Unprecedented levels of hunger continue to have devastating effects on children, girls, and young women, with girls often being the first to be taken out of school, the last to eat when food runs out, and vulnerable to early and forced child marriage, child labor, gender-based violence, sexual exploitation, and unwanted pregnancy. The right to food is recognized in the 1948 Universal Declaration of Human Rights (UDHR) as part of the right to an adequate standard of living, and is enshrined in the 1966 International Covenant on Economic, Social, and Cultural Rights (ICESCR), with an increasing number of countries having a law that provides for the right to food.
Addressing hunger is a legal obligation under international human rights law.
Child hunger degrades human dignity and thus constitutes a violation of human rights. Eliminating child hunger through a human rights-based approach allows us to protect and support girls in ways that a needs-based approach cannot. Nearly 30 countries have enshrined the right to food in their constitutions. Only the Democratic Republic of the Congo, Honduras, Kenya, and Niger appear on this list of the 38 countries in the emergency phase of food insecurity in 2022.
However, it is one thing to legislate and quite another to put this right into action. Although the right to food is enshrined in some countries’ constitutions, it is not always respected. Hunger and malnutrition are not always caused by lack of food – but a lack of access to available food by large segments of the world’s population, largely because of poverty.
Despite the fact that more than enough food is produced to feed the world’s population, up to 829 million people go hungry. Six out of ten people experiencing acute food insecurity live in conflict or insecure countries. The obligation to respect, protect, and fulfill the right to adequate food imposes the obligation to allow humanitarian access, so that providers can deliver food aid cannot be denied, and access to food for affected populations must be rapid, safe, and unimpeded.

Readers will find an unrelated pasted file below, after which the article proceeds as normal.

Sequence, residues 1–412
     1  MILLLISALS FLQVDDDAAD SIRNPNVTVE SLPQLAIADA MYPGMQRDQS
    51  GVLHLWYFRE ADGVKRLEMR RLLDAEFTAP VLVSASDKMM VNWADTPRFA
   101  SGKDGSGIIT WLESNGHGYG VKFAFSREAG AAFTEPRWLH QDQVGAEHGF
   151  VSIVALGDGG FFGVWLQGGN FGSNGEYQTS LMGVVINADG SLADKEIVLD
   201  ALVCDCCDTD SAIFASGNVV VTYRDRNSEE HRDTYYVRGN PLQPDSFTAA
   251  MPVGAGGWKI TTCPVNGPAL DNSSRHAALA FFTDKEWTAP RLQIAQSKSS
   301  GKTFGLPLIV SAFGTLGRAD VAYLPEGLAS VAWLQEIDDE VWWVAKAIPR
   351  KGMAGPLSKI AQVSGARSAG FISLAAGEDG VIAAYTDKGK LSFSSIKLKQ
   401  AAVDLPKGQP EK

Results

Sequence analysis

The hunger crisis is worsening.
The outlook for the rest of 2022 is even more creating an additional serious bad situation, as the hunger crisis in many countries worsens. In Ethiopia, Yemen, South Sudan, Somalia, Afghanistan, and the Democratic Republic of the Congo alone, 1870,000 people faced starvation and death as of September 2022. The effects of the climate crisis and COVID-19 are now being exacerbated by soaring inflation, rising food, energy, and fertilizer prices, as well as food shortages caused by the ongoing conflict in Ukraine, and nearly 670 million people are expected to be hungry in 2030. This equates to nearly 8% of the global population.
Therefore, according to recent projections, children born in 2020 will likely face nearly three times the number of droughts and crop failures experienced by their grandparents, with children in lower-income countries bearing the brunt of the environmental crisis. More lives will be lost unless action is taken now, and the devastating effects on the lives of children, particularly girls, will be felt for decades. We must begin to regard food as a fundamental human right that must be protected. Do you know that you can take action by supporting women, girls facing hunger in Africa in partnership with Africa Community Impact Organization?
PREPARED BY JANET